And not only that, but I am tired of hearing about how Used Game sales hurt the companies. Because it's all bullshit. First off, if you're going to continue making CDs who is going to carry the CDs for you? The stores like Gamestop.
This is tricky. See, one one hand, you have a company making money off another company's hard work (which isn't unusual, but this is rather blatant about it.)
Let's say, you, personally bought Dishonored, and thought it was so much crap, that you returned it within a week.
Now here's the thing. When GS first buys the games for resale, they get about $10-15 (or so I'm told) profit per unit. Now let's say, they pay you $20 (and I'm being generous here, it's often less than that) for your copy. Suddenly, they sell the same game for $55 as opposed to $60 for being 'used' (which by the way is complete BS.) And the wonderful thing for them is that they now make $35 profit on every copy someone returns. And some people don't hate the game, they're just finished and want a new one. So imagine this happening at about the hundreds of thousands per game.
That close to 3.5 MILLION for just ONE game. And that's if one out of ten people return the game.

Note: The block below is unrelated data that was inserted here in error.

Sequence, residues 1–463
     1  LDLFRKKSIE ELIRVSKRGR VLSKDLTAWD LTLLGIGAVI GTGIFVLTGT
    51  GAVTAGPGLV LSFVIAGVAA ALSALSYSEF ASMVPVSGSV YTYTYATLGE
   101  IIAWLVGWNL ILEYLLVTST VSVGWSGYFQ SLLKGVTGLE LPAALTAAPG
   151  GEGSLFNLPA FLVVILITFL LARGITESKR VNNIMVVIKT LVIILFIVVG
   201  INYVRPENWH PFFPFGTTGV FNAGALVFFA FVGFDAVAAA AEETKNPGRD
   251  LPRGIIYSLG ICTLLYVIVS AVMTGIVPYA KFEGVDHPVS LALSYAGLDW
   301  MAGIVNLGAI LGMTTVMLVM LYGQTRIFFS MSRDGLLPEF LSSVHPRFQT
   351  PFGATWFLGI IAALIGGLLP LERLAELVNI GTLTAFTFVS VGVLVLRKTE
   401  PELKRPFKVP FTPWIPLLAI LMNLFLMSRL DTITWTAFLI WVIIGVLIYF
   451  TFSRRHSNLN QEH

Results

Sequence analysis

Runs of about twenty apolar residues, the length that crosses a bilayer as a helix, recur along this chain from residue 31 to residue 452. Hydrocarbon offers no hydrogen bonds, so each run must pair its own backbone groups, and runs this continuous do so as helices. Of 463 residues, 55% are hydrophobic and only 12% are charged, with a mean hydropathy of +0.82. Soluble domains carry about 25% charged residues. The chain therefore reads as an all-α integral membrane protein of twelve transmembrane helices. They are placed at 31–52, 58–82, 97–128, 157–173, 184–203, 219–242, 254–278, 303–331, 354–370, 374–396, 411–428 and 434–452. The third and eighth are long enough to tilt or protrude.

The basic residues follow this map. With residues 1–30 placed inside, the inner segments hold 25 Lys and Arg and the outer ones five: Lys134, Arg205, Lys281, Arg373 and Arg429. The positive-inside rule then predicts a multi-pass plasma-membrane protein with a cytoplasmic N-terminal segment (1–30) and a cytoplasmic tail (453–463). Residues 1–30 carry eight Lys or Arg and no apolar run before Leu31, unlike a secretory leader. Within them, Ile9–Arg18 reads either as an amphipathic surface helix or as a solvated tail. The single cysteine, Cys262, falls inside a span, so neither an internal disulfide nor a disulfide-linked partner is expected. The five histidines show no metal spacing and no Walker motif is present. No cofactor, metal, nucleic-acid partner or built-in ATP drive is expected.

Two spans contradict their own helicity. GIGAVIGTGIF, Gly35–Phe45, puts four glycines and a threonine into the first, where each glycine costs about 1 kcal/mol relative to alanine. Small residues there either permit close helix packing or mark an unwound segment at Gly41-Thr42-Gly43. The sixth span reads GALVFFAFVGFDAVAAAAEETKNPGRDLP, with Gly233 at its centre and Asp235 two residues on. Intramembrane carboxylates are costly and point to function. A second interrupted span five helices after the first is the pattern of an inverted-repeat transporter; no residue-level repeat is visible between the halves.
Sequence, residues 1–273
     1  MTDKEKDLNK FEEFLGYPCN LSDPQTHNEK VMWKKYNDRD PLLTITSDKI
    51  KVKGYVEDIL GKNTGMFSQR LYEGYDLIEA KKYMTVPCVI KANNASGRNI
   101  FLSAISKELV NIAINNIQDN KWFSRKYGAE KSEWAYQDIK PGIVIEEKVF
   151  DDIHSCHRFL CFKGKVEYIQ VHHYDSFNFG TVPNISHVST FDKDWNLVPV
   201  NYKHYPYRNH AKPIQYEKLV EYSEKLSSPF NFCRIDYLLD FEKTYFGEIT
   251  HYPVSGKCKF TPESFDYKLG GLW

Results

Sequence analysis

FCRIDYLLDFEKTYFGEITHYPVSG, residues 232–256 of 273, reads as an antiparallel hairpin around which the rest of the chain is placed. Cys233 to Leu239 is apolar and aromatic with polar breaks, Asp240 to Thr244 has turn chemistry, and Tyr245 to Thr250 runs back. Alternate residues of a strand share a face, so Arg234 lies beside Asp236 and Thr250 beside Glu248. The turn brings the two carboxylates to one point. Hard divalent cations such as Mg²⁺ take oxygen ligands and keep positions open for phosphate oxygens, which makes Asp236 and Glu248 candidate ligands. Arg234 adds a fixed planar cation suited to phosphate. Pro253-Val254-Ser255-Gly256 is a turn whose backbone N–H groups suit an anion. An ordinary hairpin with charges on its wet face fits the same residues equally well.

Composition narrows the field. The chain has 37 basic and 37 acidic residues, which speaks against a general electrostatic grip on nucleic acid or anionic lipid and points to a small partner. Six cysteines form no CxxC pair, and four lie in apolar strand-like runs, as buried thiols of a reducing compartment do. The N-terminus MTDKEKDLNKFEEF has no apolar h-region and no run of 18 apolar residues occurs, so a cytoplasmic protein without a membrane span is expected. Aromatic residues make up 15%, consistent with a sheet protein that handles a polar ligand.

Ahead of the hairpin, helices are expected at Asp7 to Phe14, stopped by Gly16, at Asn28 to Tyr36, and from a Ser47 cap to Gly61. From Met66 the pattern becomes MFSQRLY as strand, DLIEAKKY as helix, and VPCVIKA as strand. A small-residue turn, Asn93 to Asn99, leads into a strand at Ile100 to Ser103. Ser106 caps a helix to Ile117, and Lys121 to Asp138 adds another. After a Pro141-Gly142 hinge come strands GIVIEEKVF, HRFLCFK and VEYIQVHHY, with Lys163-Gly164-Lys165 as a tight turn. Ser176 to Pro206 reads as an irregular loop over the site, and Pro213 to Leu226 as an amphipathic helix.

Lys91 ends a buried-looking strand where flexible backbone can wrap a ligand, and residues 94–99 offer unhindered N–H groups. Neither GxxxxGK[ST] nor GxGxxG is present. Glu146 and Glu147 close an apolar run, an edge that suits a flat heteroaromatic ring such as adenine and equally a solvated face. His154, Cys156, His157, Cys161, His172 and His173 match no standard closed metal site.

And Arkane Studios, Bethesda, do you know how much money they get out of that? Zilch. Nada. Zip. Don't you think they have a right to a tiny bit of that money? No? OK, GameStop.
Imagine writing a book, putting it up on the net to share, then someone copies most of it, changing a few things and LEGALLY puts it out for less money. Wouldn't you be annoyed? Oh wait, someone already did. (Hello, Paizo!)
But that's not the only side to this. And it's where things get sticky. See, whenever someone returns a game, at GameStop, there was a number floating around at about 90% (if I remember correctly) of all that trade-in credit goes to a NEW game. Which means, the customer is spending money, on a NEW game. Which is what all the Publishers want. This is how THEY make their initial cash.
So GameStop is both necessary, but ultimately 'hurts' them (not in the way, they want to believe, but it does hurt the publishers and developers.)
However, there's a bigger looming problem that no one wants to actually look at: Escalating costs of game development. This whole trade-in/reselling of used games wouldn't be so big if it weren't for the fact that a lot of games are well over
the 20 MILLION dollar mark to make (that includes things like marketing and the like, not just programming.) Long past is the era of pumping out a title for couple million to sell 70-80 bucks a pop (Ah, the Playstation 1 days...)